Charles Ajunwa writes about his experience in Vancouver, Canada
After my first visit to Toronto, last year, another opportunity beckoned- this time a visit to Vancouver to cover this year’s Women Deliver conference. The trip was routed through Amsterdam in Holland, Toronto and Vancouver in Canada.
On June 1, 2019, after clearance from the immigration points at the Murtala Muhammed International Airport, Lagos, we boarded KLM Royal Dutch Airlines at 10:45p.m. to Amsterdam. Passengers on board the aircraft were treated with assorted foods, snacks and drinks before the plane touched down at Schipol Airport, Amsterdam. The journey took approximately seven hours.
On June 2, after waiting over three hours at the Schipol Airport for connecting flight, we finally boarded a bigger KLM plane to Toronto at exactly 9.45a.m. The journey took approximately seven hours. As the aircraft touched down at the Lester B. Pearson International Airport (YYZ) Toronto, excited passengers erupted with ecstacy for the smooth and seamless way the pilot landed safely. At the immigration point, passengers were asked to fill the immigration form stating their status in the country electronically instead of the old method of being given paper form. After being cleared by immigration, I boarded a taxi that took me into the city where I spent the night.
The following day being June 3, I woke up very early in the morning, freshened up and called a taxi that took me to the same airport to continue my trip to Vancouver. At the check-in counter, the Westjet airline attendant asked me to pay 40 Canadian dollars for my luggage. I coughed out the money painfully though. We boarded the Westjet aircraft at 9a.m, Toronto time after clearance from the airline officials.
From the window seat where I sat, I saw a large land mass sparsely inhabited and pockets of desert ponds scattered all over the huge land mass. Suddenly, chains of mountains loomed, covered by snow. In between the mountains were blue rivers and thick vegetation. As the aircraft touched down at the Vancouver International Airport (YVR), I dashed straight to the luggage area to pick up my box. After paying to get compass card to exit the airport, I boarded Canada Line train to Waterfront train Station, a few metres from Vancouver Convention Centre, venue of the Women Deliver Conference. I stepped out of the train station feeling elevated after bonding with a few strangers. Transportation in the city is mostly by train, bus, boat or air- small planes take off and land in the city’s beaches.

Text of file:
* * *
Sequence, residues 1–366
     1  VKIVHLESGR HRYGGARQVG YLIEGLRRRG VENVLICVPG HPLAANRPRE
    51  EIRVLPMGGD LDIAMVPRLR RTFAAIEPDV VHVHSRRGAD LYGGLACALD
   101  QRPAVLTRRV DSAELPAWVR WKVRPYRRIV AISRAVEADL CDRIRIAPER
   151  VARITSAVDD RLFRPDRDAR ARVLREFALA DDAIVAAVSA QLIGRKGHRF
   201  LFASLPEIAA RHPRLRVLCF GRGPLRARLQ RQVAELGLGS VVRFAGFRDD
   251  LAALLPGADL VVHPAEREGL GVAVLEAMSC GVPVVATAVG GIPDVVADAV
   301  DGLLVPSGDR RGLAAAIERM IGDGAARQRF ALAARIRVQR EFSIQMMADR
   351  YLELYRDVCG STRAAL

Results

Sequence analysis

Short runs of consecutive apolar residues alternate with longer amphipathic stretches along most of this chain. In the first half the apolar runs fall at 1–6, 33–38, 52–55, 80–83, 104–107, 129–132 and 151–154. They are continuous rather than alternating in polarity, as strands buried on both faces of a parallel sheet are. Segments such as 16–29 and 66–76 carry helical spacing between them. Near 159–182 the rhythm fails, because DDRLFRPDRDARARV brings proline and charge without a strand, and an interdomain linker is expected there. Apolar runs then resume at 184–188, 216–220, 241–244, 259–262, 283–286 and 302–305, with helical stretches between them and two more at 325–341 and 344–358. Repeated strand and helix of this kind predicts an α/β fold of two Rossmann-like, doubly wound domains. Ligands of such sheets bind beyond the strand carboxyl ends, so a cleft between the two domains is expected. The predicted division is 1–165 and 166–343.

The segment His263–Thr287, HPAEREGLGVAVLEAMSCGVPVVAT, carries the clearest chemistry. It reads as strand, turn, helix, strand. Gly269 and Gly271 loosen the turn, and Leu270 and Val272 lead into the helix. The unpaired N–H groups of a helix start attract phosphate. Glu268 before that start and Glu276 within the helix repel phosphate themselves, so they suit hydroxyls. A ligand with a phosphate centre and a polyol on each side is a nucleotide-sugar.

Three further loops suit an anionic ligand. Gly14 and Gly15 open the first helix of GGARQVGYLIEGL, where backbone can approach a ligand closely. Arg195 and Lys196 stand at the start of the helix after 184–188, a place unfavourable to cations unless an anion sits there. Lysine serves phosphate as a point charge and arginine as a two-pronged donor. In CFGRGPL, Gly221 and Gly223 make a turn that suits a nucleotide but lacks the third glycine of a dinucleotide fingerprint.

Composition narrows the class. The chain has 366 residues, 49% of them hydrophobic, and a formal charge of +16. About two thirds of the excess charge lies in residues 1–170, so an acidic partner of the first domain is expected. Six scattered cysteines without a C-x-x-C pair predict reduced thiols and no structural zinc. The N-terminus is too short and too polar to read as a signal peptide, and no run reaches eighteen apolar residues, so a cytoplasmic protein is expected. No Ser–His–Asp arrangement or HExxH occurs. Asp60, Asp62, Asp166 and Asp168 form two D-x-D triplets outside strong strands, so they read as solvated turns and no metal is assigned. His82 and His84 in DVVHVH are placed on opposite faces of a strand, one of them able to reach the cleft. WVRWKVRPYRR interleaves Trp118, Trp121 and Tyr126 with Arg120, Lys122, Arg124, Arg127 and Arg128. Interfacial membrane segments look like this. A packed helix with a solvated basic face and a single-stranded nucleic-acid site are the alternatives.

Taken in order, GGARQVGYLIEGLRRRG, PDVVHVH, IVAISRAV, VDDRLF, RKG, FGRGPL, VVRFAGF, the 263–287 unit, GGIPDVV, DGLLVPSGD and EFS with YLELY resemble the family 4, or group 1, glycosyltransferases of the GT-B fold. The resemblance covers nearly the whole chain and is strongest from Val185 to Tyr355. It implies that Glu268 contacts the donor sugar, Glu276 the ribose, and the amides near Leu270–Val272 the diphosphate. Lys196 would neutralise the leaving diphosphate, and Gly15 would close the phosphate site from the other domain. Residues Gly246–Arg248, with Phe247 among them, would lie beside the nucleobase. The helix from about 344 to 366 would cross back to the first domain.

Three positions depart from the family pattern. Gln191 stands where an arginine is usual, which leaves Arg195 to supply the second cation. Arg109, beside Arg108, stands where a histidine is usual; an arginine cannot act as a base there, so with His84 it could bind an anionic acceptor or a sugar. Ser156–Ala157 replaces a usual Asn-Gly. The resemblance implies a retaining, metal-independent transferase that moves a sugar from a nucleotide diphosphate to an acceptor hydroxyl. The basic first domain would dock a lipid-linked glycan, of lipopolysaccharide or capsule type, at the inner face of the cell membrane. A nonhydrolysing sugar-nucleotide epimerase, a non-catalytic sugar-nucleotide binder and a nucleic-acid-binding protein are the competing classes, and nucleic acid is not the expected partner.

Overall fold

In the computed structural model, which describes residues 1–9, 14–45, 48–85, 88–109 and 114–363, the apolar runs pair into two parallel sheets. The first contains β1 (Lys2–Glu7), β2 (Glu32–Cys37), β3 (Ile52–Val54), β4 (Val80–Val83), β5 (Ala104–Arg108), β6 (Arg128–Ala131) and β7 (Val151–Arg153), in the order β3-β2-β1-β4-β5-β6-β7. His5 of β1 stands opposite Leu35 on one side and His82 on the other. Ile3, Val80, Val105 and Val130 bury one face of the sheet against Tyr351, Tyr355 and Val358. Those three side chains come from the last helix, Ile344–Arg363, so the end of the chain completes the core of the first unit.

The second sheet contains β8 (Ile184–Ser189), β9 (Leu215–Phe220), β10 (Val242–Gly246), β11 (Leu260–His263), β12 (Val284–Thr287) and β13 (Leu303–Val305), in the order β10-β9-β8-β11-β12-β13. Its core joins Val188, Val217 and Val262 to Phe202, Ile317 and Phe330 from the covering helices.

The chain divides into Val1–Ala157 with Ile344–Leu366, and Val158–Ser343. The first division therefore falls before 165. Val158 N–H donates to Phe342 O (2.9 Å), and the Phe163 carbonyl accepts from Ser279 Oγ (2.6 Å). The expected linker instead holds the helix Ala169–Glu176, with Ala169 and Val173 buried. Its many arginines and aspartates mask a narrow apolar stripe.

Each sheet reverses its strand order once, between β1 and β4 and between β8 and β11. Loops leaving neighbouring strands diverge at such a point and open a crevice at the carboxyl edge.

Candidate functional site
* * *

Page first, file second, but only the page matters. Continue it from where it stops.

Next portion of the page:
From the Vancouver Convention Centre, breath-taking big cruise ships along the Canada Place attract visitors of all ages, some taking photographs to make their visit a memorable one.
The scenic city has several places of interest. They include Stanley Park, Granville Island, Grouse Mountain, Museum of Anthropology, Kitsilano Beach, Gastown, Canada Place, Chinatown, English Bay, Capilano Suspension Bridge, Robson Street, Museum of Vancouver, Queen Elizabeth Park, Science World, Richmond and many more.
The most visible people in Vancouver are Indian immigrants. Their migration from the Indian subcontinent to Canada began during the late 1800s and majority were Sikhs from the Punjab region, most settled in British Columbia.
Vancouver, a bustling west coast seaport in British Columbia, is among Canada’s densest, most ethnically diverse cities. It has beautiful waterfronts, natural mountains and striking high-rise dotting all over the city.
Located in the Lower Mainland region of British Columbia, Vancouver is the most populous city in the province. The 2016 census recorded 631,486 people in the city, up from 603,502 in 2011. The city is consistently named as one of the top five worldwide cities for livability and quality life.